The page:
The comic strip atop this entry was in my inbox today and upon seeing it, I was instantly reminded of a couple of seagulls whom I've seen "collecting plastics" on Long Beach. A couple of my images featuring this disturbing scenario are posted directly below.
It never ceases to amaze me how people litter (for surely no other creature is leaving plastics behind).
But my words on that subject, as well as any words used in reporting on the truisms and/or dangers regarding littering and its consequences (especially ones related to plastics), are beyond any character limit in blog entries or social media platforms.
What I can do when I see a creature trying to eat plastic, is to attempt to deter him/her from that activity and if he/she subsequently drops the plastic, I can dispose of it properly.
Fortunately, there are numerous numbers of people who care about this issue and who work tirelessly to raise awareness re littering as well raise awareness of the need to be plastic-free.
It is easy to be discouraged by these huge problems, but discouragement is not a substitute for lack of action, for there are steps almost every one can take.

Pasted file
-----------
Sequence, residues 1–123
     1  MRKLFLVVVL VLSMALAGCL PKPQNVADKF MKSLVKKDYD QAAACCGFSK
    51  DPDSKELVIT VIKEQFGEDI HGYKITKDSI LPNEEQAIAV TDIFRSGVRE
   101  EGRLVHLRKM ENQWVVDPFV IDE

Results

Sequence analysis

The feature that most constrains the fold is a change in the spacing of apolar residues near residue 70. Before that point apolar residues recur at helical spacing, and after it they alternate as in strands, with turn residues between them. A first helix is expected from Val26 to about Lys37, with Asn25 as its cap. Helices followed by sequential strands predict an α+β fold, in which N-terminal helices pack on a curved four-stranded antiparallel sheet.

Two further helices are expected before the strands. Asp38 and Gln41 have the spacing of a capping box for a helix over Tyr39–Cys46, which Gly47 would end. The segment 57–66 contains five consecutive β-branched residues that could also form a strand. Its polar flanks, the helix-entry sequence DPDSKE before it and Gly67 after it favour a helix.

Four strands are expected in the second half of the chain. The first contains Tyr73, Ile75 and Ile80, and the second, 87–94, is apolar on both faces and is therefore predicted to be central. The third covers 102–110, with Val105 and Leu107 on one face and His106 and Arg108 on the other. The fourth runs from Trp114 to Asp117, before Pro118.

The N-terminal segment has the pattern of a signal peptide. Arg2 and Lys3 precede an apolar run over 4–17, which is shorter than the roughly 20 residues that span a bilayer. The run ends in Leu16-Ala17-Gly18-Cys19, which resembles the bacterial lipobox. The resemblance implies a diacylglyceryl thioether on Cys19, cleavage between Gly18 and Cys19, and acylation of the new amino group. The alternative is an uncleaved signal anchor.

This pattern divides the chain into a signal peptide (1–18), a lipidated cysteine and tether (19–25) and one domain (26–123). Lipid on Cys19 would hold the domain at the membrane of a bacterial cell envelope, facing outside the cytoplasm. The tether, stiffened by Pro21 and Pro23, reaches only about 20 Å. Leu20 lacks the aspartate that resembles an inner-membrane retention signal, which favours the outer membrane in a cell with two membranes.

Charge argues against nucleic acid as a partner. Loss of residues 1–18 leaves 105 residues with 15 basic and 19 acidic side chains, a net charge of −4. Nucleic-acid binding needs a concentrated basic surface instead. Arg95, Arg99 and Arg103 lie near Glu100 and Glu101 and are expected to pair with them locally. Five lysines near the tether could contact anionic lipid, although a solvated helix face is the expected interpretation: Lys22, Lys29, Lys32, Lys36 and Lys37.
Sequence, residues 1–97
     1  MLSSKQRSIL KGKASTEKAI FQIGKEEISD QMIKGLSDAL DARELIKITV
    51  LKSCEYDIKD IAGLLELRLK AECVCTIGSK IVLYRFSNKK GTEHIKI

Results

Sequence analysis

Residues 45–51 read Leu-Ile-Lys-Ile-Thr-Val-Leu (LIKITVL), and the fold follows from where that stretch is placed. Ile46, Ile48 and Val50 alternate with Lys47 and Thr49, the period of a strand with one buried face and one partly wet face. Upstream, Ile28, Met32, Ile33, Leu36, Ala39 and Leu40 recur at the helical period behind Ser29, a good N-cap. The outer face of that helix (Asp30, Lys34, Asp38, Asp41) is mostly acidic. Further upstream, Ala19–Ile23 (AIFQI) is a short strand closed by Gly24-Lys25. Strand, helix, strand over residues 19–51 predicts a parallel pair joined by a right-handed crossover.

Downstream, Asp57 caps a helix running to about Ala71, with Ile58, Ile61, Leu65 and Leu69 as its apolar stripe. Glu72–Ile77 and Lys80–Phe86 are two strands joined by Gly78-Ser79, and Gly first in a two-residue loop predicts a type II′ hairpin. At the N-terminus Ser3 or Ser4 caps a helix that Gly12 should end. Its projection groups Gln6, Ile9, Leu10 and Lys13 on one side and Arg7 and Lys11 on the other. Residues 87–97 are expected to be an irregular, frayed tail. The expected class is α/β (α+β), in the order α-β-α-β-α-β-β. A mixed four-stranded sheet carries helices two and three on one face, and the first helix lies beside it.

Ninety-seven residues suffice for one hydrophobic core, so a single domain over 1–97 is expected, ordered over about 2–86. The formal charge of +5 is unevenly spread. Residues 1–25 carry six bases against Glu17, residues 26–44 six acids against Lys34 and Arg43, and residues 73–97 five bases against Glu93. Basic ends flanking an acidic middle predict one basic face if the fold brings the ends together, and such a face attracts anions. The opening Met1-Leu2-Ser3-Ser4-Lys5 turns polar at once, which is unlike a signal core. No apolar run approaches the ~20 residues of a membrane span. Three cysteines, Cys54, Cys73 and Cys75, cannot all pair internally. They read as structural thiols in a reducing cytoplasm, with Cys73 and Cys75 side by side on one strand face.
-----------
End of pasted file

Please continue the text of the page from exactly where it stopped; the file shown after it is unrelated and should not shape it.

One of these steps is to participate in costal-cleanup activities which take place throughout the world.
As you may recall, dear reader, exactly one year and one month ago today (on September 16th 2017), I volunteered to be part of of one of these initiatives, a costal clean-up effort which was sponsored by NYC Audubon. It was during that event that I witnessed Canadian Geese feasting on plastic bowls and other materials left behind after religious rituals are performed on the coastline of Jamaica Bay in New York City.
This is a small gesture on my part, but with my limited financial resources as well as my limited time due to taking care of health concerns, being involved in an event like the one I've referenced, is an action I can take.
The other indirect action I've taken is to give folks a reason to be concerned about the plight of birds through my book series Words In Our Beak (pictured below).
The stories (which are told from the perspective of a female cardinal) do not directly address environmental concerns, but they do address a number of concerns that avian creatures live with year around. My hopes are that by doing my doing this, people (after reading the books) will be inspired to take up causes related to protecting wildbirds (and all wild life).
Please click here to go to my blog post that provides details as to where you can get these books.